Theatre veteran Peter Haley is dead

Tuesday, November 13, 2018

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THEATRE luminary Peter Haley died in the United Kingdom on Wednesday, November 7, after a long battle with cancer.

He is best known for his work with the Jamaica Musical Theatre Company (JMTC) and its junior division.

For playwright, actor and director David Tulloch, the passing of Haley is a sad day for the local industry.

Tulloch's meeting with Haley 23 years ago can best be described as serendipitous. It was 1995. The JMTC was about to mount its latest production, Joseph and his Dream Coat, but the cast was short one male actor. Tulloch was not a member, but had a friend who suggested that he audition, due to his involvement in the drama club and choir at Wolmer's Boys' School.

“They already held auditions from September and this was now December, December 8 to be exact, and they were already in rehearsals. I met Peter Haley and Doug Bennett that day and was told the measurements for costumes was being done so the role was mine, if I wanted it. I did not audition so they had no idea if I could sing, dance or act. That began my more than two decades of association with Peter. He basically taught me all I knew about directing once I began doing my own productions. I have worked with him over the years on productions such as Beauty and the Beast, Lion King, Rocking Romeo, Aida and Boardwalk on Broadway,” Tulloch told the Jamaica Observer.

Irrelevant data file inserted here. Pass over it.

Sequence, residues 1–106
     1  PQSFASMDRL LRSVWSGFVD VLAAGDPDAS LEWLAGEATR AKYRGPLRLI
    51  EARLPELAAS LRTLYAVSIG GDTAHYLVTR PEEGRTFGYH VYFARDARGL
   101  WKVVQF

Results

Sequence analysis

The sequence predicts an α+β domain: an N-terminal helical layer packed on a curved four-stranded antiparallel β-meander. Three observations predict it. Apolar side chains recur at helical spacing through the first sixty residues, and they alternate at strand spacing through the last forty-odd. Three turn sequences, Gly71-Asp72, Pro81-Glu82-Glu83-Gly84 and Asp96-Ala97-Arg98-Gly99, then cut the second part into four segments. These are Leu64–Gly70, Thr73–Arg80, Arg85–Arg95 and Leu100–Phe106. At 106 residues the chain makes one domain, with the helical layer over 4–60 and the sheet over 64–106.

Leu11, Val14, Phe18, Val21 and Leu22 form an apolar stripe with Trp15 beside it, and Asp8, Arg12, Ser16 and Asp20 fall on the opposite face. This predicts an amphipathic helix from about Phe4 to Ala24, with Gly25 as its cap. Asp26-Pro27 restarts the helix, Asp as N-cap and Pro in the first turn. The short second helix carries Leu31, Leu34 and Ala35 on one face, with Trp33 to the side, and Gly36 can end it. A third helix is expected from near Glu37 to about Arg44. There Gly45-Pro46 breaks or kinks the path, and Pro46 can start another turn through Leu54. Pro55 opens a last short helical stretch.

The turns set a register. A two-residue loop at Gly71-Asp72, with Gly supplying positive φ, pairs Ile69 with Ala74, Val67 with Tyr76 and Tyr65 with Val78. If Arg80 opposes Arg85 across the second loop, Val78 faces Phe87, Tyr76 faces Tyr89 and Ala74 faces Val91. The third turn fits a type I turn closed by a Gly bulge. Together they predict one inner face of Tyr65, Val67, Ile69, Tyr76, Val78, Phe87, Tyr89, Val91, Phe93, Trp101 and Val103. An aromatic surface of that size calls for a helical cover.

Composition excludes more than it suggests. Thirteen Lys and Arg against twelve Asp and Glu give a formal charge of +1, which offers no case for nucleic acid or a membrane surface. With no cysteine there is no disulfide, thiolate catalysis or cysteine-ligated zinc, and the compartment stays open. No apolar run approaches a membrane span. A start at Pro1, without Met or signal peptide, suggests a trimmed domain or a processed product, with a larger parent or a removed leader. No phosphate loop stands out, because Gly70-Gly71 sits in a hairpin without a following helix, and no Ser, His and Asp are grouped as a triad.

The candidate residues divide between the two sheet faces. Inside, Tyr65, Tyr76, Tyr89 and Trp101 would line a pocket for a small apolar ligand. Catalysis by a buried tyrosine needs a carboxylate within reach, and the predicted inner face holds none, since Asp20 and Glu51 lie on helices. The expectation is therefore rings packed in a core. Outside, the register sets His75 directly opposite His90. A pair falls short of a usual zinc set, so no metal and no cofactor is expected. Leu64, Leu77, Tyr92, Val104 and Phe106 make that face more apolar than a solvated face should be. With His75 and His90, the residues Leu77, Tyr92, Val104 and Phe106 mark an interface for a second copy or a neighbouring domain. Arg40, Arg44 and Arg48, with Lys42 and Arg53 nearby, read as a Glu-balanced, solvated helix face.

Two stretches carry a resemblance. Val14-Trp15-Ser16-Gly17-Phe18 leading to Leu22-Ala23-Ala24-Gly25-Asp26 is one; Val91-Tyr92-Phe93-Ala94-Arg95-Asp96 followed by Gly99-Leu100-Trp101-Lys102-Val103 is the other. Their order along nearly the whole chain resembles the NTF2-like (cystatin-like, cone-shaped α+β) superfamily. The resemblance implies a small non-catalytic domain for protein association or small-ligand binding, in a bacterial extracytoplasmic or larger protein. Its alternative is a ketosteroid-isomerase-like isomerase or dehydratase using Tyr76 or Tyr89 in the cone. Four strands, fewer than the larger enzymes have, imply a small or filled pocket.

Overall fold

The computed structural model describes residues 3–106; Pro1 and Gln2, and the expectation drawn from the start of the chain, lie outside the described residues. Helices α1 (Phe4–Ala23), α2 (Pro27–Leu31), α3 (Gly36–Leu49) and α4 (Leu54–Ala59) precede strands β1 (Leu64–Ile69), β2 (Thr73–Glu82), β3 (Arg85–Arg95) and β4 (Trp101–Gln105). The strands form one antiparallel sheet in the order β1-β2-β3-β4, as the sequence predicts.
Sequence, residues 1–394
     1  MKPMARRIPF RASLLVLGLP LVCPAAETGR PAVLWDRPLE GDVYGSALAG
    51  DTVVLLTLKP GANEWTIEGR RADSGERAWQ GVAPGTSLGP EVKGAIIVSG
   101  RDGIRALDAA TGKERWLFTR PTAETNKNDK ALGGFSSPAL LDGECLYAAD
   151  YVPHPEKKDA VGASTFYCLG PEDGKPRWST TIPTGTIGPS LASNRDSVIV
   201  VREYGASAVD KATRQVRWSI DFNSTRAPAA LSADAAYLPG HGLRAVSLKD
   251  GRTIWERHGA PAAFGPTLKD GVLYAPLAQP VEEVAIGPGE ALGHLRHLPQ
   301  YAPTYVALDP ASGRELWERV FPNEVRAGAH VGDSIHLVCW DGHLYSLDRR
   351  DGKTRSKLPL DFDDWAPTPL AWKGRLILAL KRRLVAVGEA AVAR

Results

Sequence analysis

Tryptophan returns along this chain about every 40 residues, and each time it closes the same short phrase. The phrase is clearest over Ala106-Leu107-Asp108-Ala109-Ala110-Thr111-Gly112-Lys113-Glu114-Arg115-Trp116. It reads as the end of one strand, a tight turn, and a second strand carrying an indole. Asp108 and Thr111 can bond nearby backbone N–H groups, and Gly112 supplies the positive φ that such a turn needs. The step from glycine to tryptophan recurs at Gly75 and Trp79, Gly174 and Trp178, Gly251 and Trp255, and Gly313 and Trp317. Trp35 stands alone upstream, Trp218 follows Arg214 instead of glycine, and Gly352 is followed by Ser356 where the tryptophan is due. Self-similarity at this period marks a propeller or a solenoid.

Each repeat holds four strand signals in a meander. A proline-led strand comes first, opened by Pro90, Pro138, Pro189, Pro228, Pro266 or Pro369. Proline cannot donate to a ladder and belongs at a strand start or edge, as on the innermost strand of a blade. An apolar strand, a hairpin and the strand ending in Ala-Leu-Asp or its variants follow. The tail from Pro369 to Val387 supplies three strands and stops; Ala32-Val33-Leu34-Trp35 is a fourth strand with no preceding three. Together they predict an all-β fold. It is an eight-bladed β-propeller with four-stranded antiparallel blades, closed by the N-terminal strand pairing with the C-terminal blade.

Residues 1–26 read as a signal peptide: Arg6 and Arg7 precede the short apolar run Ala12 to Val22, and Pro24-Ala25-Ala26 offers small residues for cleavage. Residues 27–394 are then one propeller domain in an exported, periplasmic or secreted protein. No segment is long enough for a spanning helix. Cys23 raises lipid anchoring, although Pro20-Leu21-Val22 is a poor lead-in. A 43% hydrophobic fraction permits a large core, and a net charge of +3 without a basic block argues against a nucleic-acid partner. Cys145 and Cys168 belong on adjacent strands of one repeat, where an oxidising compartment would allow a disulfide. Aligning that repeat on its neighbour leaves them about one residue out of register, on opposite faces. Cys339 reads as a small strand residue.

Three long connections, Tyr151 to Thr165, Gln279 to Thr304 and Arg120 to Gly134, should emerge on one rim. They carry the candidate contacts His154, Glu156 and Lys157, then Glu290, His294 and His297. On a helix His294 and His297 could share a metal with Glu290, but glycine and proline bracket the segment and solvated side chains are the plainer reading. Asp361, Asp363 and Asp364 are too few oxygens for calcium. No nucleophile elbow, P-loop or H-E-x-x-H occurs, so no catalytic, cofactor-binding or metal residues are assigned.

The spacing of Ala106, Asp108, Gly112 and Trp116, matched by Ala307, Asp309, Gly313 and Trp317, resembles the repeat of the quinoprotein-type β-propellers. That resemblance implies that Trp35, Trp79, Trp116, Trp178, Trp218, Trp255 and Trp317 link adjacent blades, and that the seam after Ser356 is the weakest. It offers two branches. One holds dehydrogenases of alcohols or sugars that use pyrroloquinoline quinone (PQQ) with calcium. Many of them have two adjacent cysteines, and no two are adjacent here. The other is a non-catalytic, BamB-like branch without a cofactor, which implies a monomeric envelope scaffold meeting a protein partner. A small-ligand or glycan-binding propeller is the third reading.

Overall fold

“We have lost a giant. Through all his work in local theatre he never asked for pay, and that is something noteworthy. I am really at a loss for words at this time. Peter Haley has meant so much to me and the work that I do. I can safely say he pointed me in this direction, and I am so grateful,” Tulloch added.

British-born Haley joined the JMTC back in 1962 and contributed in various capacities — from actor and director to working in set design and construction. However, his work in theatre was not confined to JMTC, he is credited with performing in approximately 80 other productions for various producers, including Norman Rae, Lloyd Reckord, Maurice Harty and Paul Methuen.

— Richard Johnson

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